And it’s worth noting that these and other American estimates related to Iran’s breakout speed may have a kind of bias. As a former U.S. official told the journalist Laura Rozen, “What everyone tends to forget is that, when U.S. government and academic experts speak on breakout timelines, they are usually describing a worst-case scenario … where Iran gets everything right the first time around, even if they are completing procedures they have never attempted before.”
Once a bomb is built, there’s testing to be done. States with nuclear weapons typically conduct multiple test explosions—particularly for the smaller, more efficient designs needed for missile warheads. Eight out of the nine countries that have nuclear weapons openly conducted tests before deployment—and the ninth, Israel, seems to have conducted a clandestine test off of South Africa. Preparing, conducting, and evaluating a test would take months—and would also mean that a new bomb had to be built, since the test would have eliminated the first one.
In short, even if “breakout time,” as conventionally defined, is only a few months, or even a few weeks, what you might call the “effective breakout time”—the time it takes to produce a deliverable weapon—is closer to a year, maybe longer.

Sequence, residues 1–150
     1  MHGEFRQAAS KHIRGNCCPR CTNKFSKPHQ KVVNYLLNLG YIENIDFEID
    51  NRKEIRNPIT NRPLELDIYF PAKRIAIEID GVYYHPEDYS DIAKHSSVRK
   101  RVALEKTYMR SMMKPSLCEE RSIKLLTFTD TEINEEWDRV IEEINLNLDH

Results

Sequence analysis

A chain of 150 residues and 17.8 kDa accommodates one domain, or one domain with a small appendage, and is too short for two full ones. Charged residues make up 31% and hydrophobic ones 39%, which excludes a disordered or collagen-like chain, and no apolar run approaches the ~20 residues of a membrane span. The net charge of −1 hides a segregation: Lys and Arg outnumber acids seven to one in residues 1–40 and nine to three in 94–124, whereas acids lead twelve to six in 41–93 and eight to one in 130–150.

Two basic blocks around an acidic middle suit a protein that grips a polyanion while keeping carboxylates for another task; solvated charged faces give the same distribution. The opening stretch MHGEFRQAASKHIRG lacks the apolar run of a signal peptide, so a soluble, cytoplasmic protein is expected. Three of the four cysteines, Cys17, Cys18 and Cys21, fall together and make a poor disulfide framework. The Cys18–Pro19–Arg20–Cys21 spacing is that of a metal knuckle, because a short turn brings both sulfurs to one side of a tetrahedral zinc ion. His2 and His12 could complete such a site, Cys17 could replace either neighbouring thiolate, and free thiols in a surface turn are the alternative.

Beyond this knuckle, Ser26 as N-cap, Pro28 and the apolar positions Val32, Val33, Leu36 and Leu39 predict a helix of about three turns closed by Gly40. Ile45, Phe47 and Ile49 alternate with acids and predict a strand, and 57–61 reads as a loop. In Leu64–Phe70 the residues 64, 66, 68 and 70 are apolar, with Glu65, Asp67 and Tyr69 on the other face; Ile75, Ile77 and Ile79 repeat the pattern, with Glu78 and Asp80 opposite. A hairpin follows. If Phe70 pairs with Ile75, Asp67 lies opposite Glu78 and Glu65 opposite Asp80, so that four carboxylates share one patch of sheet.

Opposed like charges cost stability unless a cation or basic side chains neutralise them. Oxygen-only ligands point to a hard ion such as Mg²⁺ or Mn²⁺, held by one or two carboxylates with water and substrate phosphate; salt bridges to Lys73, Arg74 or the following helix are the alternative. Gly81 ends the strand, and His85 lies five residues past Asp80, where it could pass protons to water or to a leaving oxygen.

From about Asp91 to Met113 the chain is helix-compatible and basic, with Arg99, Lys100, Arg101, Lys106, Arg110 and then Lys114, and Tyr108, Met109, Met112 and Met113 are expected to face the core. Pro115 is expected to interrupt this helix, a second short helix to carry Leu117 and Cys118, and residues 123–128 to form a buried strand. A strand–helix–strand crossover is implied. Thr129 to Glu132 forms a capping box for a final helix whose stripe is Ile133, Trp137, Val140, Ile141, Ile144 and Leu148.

That said, it’s true that for some purposes it makes sense to focus on breakout time in the narrow, conventional sense—the time it takes to produce just the uranium for a nuclear weapon, not the weapon itself. In the event that Iran sought to build a nuclear weapon, the United States and Israel have said they would use military force to stop it. And that mission would presumably be most feasible when the material for a weapon was still being produced at known enrichment facilities. So in terms of military tactics, breakout time in the strict sense—the time that is currently estimated as about two months—does matter.